1 COURSE SYLLABUS Please read the following course syllabus carefully, especially the course dates, times and location. If you have any questions, please do not hesitate to communicate with the IDEAL Program office, your academic advisor, or the instructor. The IDEAL degree-completion program is designed with the adult learner in mind. Adult learners approach learning with specific goals, want to be able to directly apply new learning to their work and personal lives, and tend to learn best when the coursework is problem-centered so that they are actively engaged in the learning process. In addition, adults bring rich and varied experience to the classroom, which becomes a valuable learning resource for other students. The IDEAL Program assumes joint responsibility in the learning process. The activities and assignments in the courses build on the shared experience of all learners in each class. This is why each student s preparation, participation and interaction in class activities and discussions are critical to the success of each course. The accelerated format of each course requires a significant amount your time outside the course to prepare for and complete the course assignments. This varies between students and courses; however, students typically spend ninetwelve hours per week on course material. To participate in the IDEAL Program, it is expected that you will do the following: 1. Participate in and complete the online orientation prior to your first online course. 2. Obtain the required course materials prior to the course start date. 3. Login and participate in your course a minimum of three times per week. 4. Complete all assignments to the best of your ability. 5. Participate in the class discussions and demonstrate respect and consideration to the instructor and other students when they express themselves in discussion. 6. If you have any technical difficulties, you must contact the Office of Distance Education immediately at If you cannot perform these six expectations, it is recommended that you drop the course. We look forward to your academic success in each course and the ultimate completion of your degree.
2 ORLD 342-DL2 INTRODUCTION TO NON-PROFIT MANAGEMENT Fall 2015 Online October 19 December 12, 2015 Dr. Charles Phillips Please feel free to contact me ( is the best way to reach me) with any questions regarding the syllabus or at anytime during the course if you are having difficulties with the coursework or with any other questions or concerns. I am usually able to respond within 24 hours. Required Texts: Drucker, Peter F. Managing the Non-Profit Organization Principles and Practices New York, NY: HarperCollins Publishers, ISBN ISBN Stern, Gary J. The Drucker Foundation Self-Assessment Tool: Process Guide. San Francisco: CA:.Jossey-Bass, ISBN X Heyman, Darian Rodriguez, ED. Nonprofit Management 101: A Complete and Practical Guide for Leaders and Professionals. San Francisco: CA:.Jossey-Bass, Course Description: This course serves as an introduction to the non-profit organization and management. Discussions will center around mission, leadership, marketing, community relations, fund development, staff supervision and professional development. This course is to prepare students for effective social action in their communities and responsible leadership in the nonprofit sector. The course examines leadership for nonprofit organizations emphasizing the dimensions of social responsibility including legal, ethical obligations. Students will be encouraged to thoughtfully and critically analyze their own leadership capacity, goals and commitments. Upon completion of this course students should be able to apply the core values and key practices covered in the texts to practical responsibilities in leadership of a nonprofit organization. PRIMARY LEARNING OBJECTIVES: 1. Increased understanding of the role of a non-profit organization in the community.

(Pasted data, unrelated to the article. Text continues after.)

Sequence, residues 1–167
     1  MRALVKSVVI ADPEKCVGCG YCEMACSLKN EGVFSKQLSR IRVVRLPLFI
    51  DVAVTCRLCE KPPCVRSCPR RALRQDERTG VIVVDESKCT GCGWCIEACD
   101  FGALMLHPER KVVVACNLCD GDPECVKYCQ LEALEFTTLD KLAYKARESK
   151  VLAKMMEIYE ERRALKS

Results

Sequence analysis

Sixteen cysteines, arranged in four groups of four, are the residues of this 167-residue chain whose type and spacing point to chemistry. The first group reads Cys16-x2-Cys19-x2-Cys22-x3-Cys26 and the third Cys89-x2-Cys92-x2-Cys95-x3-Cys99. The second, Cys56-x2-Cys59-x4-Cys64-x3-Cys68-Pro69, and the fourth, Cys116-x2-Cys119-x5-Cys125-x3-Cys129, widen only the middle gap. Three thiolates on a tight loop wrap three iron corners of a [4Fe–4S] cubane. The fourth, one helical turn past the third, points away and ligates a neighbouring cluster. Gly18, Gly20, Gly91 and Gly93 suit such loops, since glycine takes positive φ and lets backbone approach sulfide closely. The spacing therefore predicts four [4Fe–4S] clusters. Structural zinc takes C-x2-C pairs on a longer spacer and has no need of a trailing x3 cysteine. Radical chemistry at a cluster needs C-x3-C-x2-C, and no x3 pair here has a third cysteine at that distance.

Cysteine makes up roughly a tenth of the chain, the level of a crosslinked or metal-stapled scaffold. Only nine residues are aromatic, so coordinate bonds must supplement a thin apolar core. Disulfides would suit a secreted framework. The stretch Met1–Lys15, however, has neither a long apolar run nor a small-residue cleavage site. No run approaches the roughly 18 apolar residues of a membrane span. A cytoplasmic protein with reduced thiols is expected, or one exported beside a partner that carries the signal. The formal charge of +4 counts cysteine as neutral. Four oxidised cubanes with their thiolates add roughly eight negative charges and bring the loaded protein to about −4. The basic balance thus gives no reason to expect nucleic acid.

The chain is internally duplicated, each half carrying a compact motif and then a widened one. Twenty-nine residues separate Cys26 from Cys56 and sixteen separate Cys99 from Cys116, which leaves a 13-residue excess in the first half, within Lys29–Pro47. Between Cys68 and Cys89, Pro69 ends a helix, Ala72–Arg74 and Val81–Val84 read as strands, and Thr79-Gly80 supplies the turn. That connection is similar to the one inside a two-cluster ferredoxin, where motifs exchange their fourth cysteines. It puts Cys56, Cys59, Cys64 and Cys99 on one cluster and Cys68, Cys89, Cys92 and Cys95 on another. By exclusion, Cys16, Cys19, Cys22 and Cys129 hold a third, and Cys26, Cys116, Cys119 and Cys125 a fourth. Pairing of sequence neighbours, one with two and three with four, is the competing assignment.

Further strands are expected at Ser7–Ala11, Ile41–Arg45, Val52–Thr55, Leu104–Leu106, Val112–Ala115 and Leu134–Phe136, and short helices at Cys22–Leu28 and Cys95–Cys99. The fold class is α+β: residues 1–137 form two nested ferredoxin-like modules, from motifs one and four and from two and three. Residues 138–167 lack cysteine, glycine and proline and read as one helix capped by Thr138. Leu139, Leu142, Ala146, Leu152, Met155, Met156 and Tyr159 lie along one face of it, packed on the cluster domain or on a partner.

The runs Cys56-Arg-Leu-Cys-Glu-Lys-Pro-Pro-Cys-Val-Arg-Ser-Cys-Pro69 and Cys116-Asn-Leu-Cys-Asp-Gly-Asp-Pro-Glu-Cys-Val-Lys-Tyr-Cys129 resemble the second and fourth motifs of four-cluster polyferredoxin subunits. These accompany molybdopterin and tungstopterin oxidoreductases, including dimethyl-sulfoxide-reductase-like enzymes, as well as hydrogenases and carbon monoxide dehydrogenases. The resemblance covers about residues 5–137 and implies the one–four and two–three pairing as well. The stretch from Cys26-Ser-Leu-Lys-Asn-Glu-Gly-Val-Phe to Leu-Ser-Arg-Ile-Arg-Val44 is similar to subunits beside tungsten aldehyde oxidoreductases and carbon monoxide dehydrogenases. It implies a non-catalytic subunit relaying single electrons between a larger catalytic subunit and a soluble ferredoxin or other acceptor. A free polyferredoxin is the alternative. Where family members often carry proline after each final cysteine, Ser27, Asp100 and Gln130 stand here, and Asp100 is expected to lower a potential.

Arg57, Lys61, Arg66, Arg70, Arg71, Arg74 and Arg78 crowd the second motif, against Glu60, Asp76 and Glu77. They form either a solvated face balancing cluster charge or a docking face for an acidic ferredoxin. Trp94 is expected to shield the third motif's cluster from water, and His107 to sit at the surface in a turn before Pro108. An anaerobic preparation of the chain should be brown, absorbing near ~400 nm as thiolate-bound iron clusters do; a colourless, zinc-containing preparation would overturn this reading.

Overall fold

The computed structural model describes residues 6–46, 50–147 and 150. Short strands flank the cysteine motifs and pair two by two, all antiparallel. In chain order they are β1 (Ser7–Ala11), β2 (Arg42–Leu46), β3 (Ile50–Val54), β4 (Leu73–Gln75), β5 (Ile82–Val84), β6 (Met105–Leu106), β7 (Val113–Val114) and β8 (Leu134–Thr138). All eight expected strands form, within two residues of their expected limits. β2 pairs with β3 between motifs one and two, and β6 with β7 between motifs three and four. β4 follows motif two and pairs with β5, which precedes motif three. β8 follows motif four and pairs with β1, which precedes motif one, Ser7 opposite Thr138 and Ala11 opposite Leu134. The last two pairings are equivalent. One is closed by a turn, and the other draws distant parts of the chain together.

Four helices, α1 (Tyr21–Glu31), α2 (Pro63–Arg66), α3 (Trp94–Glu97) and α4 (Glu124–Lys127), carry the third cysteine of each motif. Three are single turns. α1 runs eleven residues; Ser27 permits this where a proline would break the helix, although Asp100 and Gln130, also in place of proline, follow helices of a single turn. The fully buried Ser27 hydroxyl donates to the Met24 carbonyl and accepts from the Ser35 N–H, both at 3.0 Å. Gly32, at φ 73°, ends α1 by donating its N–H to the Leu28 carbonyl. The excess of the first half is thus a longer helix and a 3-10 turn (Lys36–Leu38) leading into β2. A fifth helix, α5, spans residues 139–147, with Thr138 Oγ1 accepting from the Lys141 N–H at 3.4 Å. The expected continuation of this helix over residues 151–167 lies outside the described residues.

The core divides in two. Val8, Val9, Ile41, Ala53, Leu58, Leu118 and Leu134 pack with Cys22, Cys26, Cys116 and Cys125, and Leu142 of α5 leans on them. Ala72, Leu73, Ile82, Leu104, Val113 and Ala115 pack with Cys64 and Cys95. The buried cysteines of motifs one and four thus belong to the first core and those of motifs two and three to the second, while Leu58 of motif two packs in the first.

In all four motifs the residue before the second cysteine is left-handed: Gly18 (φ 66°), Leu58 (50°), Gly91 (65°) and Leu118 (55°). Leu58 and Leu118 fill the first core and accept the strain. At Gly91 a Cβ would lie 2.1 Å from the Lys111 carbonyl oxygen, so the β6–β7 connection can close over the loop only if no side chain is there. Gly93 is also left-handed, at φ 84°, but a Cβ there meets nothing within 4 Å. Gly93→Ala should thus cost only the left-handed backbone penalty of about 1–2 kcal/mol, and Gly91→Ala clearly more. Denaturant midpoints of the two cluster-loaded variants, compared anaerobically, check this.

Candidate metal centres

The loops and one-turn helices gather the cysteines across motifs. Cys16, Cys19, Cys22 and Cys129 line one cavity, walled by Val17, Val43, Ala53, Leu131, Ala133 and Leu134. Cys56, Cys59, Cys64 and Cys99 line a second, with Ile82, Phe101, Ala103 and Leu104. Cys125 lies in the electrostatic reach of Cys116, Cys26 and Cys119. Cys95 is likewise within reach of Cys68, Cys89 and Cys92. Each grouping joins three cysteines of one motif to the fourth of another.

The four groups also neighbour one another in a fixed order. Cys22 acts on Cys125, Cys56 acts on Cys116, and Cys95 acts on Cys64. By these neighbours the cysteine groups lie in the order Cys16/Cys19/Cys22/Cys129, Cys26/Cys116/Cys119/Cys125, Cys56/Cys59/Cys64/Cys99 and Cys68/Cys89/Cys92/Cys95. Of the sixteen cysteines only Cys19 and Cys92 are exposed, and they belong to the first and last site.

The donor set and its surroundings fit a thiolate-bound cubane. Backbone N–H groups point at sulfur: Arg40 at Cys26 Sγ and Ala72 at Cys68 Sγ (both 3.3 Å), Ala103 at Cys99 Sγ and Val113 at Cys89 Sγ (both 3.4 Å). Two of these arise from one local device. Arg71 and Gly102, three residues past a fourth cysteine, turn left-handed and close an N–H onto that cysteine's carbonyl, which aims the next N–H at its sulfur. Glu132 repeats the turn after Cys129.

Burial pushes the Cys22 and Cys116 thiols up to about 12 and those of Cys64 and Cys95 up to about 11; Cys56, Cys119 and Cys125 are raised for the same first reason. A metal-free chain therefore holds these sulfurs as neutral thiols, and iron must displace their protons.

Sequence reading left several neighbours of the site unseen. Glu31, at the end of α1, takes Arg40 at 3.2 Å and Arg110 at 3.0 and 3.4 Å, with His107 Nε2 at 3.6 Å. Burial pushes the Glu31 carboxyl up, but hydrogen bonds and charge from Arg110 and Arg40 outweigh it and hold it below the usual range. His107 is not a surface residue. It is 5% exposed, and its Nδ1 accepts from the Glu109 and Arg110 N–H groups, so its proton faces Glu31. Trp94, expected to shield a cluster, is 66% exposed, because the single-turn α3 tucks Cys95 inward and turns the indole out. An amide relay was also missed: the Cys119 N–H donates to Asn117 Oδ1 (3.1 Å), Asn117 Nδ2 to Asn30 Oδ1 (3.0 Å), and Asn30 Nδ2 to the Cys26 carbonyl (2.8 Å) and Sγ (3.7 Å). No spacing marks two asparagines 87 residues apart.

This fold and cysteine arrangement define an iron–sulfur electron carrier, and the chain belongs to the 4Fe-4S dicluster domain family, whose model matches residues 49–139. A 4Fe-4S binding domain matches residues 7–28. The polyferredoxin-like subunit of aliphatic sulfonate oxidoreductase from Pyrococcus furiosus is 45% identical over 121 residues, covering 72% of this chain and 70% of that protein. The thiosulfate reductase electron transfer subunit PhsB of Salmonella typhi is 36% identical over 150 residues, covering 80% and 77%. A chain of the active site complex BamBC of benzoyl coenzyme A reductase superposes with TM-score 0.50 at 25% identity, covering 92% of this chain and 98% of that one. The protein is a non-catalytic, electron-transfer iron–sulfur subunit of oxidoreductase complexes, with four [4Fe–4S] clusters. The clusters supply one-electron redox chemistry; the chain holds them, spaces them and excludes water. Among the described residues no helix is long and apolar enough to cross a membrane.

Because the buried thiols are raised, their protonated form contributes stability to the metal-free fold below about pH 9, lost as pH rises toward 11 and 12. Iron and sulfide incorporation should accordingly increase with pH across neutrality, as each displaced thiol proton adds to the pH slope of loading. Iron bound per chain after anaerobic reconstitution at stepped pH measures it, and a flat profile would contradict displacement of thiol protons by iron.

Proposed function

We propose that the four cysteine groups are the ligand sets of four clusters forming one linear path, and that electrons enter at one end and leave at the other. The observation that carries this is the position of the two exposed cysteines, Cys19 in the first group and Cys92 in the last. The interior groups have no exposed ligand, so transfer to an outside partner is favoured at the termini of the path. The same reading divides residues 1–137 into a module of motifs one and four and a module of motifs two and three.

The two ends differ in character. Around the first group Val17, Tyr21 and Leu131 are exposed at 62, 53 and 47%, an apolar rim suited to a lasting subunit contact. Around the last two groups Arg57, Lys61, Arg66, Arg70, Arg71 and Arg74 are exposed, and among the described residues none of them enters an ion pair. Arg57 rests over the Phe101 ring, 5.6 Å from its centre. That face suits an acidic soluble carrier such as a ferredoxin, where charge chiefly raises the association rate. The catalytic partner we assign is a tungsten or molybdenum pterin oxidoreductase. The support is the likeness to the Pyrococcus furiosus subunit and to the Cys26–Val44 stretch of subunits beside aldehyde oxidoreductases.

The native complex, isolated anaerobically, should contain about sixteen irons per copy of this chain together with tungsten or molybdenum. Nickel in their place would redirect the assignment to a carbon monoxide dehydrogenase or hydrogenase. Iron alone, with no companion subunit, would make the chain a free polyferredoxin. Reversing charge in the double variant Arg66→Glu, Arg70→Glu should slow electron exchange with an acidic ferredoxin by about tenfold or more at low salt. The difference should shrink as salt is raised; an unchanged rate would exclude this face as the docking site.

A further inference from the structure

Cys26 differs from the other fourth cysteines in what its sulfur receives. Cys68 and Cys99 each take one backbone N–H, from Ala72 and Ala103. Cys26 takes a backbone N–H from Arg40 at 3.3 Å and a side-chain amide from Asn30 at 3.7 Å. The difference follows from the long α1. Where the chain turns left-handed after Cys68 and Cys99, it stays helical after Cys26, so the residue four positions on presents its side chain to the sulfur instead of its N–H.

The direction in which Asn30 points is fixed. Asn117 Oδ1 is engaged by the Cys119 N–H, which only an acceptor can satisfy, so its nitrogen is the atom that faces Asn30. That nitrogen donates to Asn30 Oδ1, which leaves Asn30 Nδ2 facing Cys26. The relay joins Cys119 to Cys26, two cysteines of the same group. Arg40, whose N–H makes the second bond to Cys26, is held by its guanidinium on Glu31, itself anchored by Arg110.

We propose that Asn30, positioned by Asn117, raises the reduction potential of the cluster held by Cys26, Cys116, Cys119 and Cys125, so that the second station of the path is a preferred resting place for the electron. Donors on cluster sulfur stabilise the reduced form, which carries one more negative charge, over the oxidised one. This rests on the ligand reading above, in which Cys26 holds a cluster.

3 2. Increased comprehension of the skills and competencies required to successfully manage or to work professionally in a non-profit organization. 3. Increased knowledge of the collaborative nature of the non-profit organization. 4. The ability to apply this information and these concepts in your future as a manager, leader or professional in a nonprofit organization. 5. Develop presentation skills suitable for communicating to an online community through the development of a class presentation using the Panopto platform on Canvas. 6. Complete an organizational assessment of the foundational performance indicators of high performing nonprofit organizations based on collaboration with a nonprofit organization using the Drucker Self Assessment Tool. Format of the Course The format for this course includes online discussions both written and oral, practical written assignments to apply the information and concepts, and a community based learning site at a local nonprofit organization upon which students will base their assignments throughout the course. Students are strongly recommended to identify an appropriate nonprofit organization before the start of the course. Course Assignments: Discussion board (40%) The discussion board is one of the primary learning tools for this course. The discussion board is an intellectual exercise to encourage students to critically examine their own personal viewpoints, thought, reflections, and feelings generated by the readings. These reactions may include personal insights, identified biases, and value conflicts. There will be two online discussions each week (one discussion with text entries and the other with Voicethread for a more interactive environment to express your best and most current thoughts). Refer to the Rubric Evaluation below for the standards used for evaluation of reflection journal entries. Online Class Presentation (15%) Students will choose one chapter that is not a required reading in the required reading texts to present a concise and informative presentation using Pantopia. The presentation should add on to the discussion covered in the readings and the discussion board. Refer to the Rubric Evaluation below for the standards used for evaluation of presentations. Final Project (25%) Each student will be required to utilize the Drucker Self-Assessment Tool to conduct an assessment of the effectiveness of a non-profit agency which functions as a community based learning site for the course. Students will submit a 7-8 page paper (not including title page and bibliography) to the professor.